The Truth on Tebow
So now Tim Tebow is a bum, just a week after he was an unconventional success, and six months after he was a question mark. I know we are in the rapid response era when it comes to reporting on games and events in general, but this is a bit much. The man has played five games, which is not enough to either crown him or dismiss him. And yet, that seems to be what so many want to do. Whether it’s Tebow’s cheerleader-in-chief, Skip Bayless, or former players like Phil Simms who have declared that he is getting a pass that the other young quarterbacks of his generation would not. This topic is going to plague us for the rest of this season whether we like it or not. It would be nice to get some more intelligent analysis on this, but in a soundbyte culture we’re just not getting that. So here’s my attempt at doing so.
Here’s what we know for sure. Tebow has started five games with a 2-3 record. His completion percentages have ranged from a low of 40 percent to a high of 55 percent, and three out of five times it was under 50 percent. He has nine touchdowns and four interceptions, and has averaged 163 yards per game. He’s had as many as 300 yards passing in a single game and as few as 79. His team has scored an average of 20 points per game across his five starts. Those are the hard numbers. Here are a few underlying stats. His team has fallen behind by scores of 17-3, 26-7, and 15-0 in three games before Tebow rallied them to make those games close. One start was a back and forth affair where the other team eventually pulled ahead and won by 16 points. And his most recent start was a 35 point blowout.
To me the deficits are the biggest stat to me. Close final scores can be very deceiving, because on the surface they give the impression that the games was a tight one. But in a lot of cases, one team gets up by a good size margin and then calls off the dogs, allowing the opponent to get back in the game a little. That may or may not have taken place in Tebow’s three comebacks, and in his fourth quarter flourishes. I think the fact that the Denver offense has been stagnant enough to fall behind by 14-plus points regularly under Tebow’s stewardship is pretty damning. I also think that the individual passing numbers are not kind to Tebow in general. There’s also the numerous highlights of Tebow badly missing wide open receivers, which is every bit as damning as any statistic out there. By all measures, Tebow has not played well overall. Yes there have been bright spots, but it’s been mostly bad.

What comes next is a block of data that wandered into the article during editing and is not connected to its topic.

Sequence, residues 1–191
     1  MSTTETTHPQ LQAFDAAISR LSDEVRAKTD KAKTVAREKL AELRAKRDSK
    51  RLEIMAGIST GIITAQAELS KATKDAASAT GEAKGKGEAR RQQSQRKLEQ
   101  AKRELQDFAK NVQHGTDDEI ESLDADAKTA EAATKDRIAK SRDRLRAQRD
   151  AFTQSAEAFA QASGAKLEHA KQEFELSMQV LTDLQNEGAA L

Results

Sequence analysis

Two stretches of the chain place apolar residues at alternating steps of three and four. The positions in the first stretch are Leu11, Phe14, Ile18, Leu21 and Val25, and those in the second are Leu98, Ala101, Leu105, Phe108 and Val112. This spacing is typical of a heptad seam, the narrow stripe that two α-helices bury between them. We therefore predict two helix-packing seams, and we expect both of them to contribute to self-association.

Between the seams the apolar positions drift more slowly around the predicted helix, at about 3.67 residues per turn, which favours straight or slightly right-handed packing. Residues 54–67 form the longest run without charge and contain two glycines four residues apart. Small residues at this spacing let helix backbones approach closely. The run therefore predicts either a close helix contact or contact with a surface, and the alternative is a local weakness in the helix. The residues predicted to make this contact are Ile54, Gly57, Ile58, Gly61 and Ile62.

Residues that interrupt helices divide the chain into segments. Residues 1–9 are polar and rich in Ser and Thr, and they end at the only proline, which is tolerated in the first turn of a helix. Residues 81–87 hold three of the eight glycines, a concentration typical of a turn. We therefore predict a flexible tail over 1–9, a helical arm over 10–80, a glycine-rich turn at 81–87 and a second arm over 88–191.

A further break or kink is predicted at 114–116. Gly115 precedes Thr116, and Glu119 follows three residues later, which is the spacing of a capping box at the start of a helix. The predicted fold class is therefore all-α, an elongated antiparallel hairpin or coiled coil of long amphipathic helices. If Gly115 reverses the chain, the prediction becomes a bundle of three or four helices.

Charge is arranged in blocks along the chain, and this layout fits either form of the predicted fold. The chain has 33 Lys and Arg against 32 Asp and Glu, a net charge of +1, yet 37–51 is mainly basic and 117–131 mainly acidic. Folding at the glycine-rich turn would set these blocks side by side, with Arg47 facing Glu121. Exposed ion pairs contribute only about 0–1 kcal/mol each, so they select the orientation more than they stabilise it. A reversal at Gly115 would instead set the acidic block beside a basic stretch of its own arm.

But what does this mean, long term? Is Tebow the next Doug Flutie, a quarterback who repeatedly showed he was capable of being successful despite every effort by his own coaches to prove otherwise? Is he Ty Detmer, a career journeyman who didn’t do much but was able to play just well enough to hang around for 10 years? Or is he Eric Crouch, a guy who was given a few chances but ultimately washed out in short order? Last week a piece on Deasdpin suggested that Tebow represented a threat to the structure of NFL coaching and player evaluation, that his nonconformity to any of the accepted molds for NFL quarterbacks could expose the entire NFL on field system for the property of control freaks that it is. One week later, that doesn’t look to be the case anymore. Tebow was awful against Detroit, and looked like a guy who flat out cannot play.
But truth be told, you can’t judge anyone after five starts. After five games Peyton Manning had a 1-4 record, threw 4 touchdowns and 12 interceptions, didn’t lead his team to more than 17 points in any one game, and his highest passer rating amongst the five games was 66.8. By contrast Scott Mitchell was 4-1, had thrown for 8 touchdowns vs. 3 interceptions, and had rated over 100 twice in five games. Tebow is somewhere in between, at least statistically. What does that mean? Absolutely nothing, really. It just means that we’ve watched someone play five games at quarterback, with mixed results. No more, no less. So be patient folks, we’ll know soon enough.Powered by Sidelines